done with checks, drafts and other credit
devices. The article shows long, hard
Btudy and much patient investigation.
From the comptroller's reports, bank
statements and other reliable sources, he
Guds that the amount of credit paper
passing through the banks in a year is
about $15,000,000,000. Then taking
the amount of money of every kind in
circulation at one billion, and estimating
that it changes hands about three times
a week, which is a very low estimate, he
findu that the cash transactions just
about equal the credit business. His
conclusion is in these words: "The cash
and credit exchanges of our country, in
stead of standing as 1 to 10, stand in the
ratio of 1 to 1."
The claim so often made upon the floor
of the senate that as civilization ad
vances, less and less money per capita is
needed and less used, Prof. Fisher utterly
denies and closes his article with these
words: "That recent years are seeing the
field of credit money slowly contracted is
pretty well proved."
TWO WHIFFED CURS.
Last Monday the Board of Public
Lands and Buildings had a meeting had
Beveral of them in fact, some open and
some secret. The result of it all was that
the theiving curs who had planned to
rob the tax payers of this state through
their illegal appointment of a superin
tendent of the penitentiary, of thousands
of dollars, stuck their tails between their
legs, yelped, whined, and finally gave up
the whole thing as a bad job and quit.
Churchill and Russell agreed to pay the
bills which Warden Leidigh had made to
maintain the convicts for the five or six
months during the time these would be
boodlers were trying to get their itching
fingers on the money appropriated by
the legislature to maintain the prison.
The only thing that saved the tax pay
ers was the brave fight made by a popu
list governor and a populist warden.
When a pop undertakes to defend the
people against public thieves, he makes
things lively for them as Churchill and
Russell have found out No two "yellow
dons" ever got a more complete wallop
ing than these two at the hands of Hol
comb and Leidigh, and honest men of all
parties and all creeds rejoice over the
BANKER YATES BLASPHEMY.
Recent statistical tables show a gen
eral decline of prices since January 1,
1891, of 14.72 per cant, that is if $100
would buy a certain amount of goods
January 1, 1891, $85.29 would buy the
same amount January 1, 1896. But
farm products have fallen in far greater
proportion than that. The general level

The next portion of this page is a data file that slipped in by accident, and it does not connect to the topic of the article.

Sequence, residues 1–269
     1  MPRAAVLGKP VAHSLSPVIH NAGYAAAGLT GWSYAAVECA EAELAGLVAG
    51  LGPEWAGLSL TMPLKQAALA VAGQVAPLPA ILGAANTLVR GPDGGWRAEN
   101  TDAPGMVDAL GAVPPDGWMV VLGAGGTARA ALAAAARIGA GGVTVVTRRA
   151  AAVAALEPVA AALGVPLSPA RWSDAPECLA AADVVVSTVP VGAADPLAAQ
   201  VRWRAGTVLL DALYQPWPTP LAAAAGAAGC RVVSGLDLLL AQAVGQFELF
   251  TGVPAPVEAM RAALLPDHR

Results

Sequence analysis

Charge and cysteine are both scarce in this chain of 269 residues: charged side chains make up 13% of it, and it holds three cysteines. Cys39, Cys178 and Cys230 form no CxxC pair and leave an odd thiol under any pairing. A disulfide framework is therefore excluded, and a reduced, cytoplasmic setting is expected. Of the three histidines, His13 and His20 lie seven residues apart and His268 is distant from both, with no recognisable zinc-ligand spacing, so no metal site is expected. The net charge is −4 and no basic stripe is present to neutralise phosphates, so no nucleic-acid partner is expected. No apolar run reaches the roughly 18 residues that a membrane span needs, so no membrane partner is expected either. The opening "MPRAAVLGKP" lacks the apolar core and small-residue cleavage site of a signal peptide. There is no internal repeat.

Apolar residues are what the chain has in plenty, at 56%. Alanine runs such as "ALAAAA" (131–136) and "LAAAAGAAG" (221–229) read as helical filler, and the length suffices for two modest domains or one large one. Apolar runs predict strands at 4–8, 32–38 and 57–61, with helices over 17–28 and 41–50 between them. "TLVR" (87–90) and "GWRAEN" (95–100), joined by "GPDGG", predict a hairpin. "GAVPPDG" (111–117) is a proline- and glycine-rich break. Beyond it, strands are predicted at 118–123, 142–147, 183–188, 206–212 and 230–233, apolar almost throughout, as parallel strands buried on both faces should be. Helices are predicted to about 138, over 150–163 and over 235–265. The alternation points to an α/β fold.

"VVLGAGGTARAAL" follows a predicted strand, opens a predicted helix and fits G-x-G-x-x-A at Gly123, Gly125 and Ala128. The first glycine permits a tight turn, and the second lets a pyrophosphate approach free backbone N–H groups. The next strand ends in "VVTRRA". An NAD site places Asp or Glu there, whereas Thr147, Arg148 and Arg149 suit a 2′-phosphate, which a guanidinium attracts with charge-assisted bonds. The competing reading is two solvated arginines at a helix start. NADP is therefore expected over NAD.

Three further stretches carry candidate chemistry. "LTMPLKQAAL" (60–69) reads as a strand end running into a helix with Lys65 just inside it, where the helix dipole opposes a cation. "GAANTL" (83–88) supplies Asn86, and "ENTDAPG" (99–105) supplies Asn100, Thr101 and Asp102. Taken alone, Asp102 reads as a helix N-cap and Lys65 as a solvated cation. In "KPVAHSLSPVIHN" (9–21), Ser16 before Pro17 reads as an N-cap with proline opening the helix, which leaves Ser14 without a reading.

oi prices has been somewhat kept up by
ihe riite in articles controlled by trusts,
Ike coal oil and cotton seed oil, which
have risen in prim, notwithstanding a
loll everwhere else of 8.22 per cent. In
fur in products $59.59 will now. buy as
much wheat, corn, oats, rye, and flour as
$100 would buy January 1, 1891. Yet
Mr. Henry Yates tells us that gold is a
stable standard a standard without a
shadow of turning, and will stand com
parison with thecharacter of Jesus Christ,
which is a blasphemy uttered inaY. M.
C. A. building without a protest.
TOM RIED ON SILVER.
Senator Chandler who is a warm sup
porter of Tom Reed for president recently
wrote a letter deflningReed's position on
silver. It is as follows:
"He is not willing to agree to the un
limited coinage of silver at the present
ratio by the United States alone; but be
is apposed to the gold monometalism of
Cleveland and Carlisle, and in favor of
Republican bimetal I ism, to be secured by
the most feasible means and with the
least possible delay, bo that gold and
silver, admitted to unlimited coinage at
an agreed ratio, shall together constitute
the standard money of the world's
That is to say: "I am in favor of and
opposed to, regarding with friendly dis
position, to thus hinder, destroy, defeat
the opus operatum, remembering my
opsimathy. I am still frieudiy and in
oposition Yours truly, Tom. Reed."
The United States marsh alls are after
the half naked, half starved frontier set
tlers in Boyd county again for cutting
timber on public lands; and they brag
that they will have 200 of them in jail in
a short time. There was never a more
inhuman piece of work inaugurated on
this continent. This gang of goldite
marshals are simply after fees. Their
conduct in arresting these shivering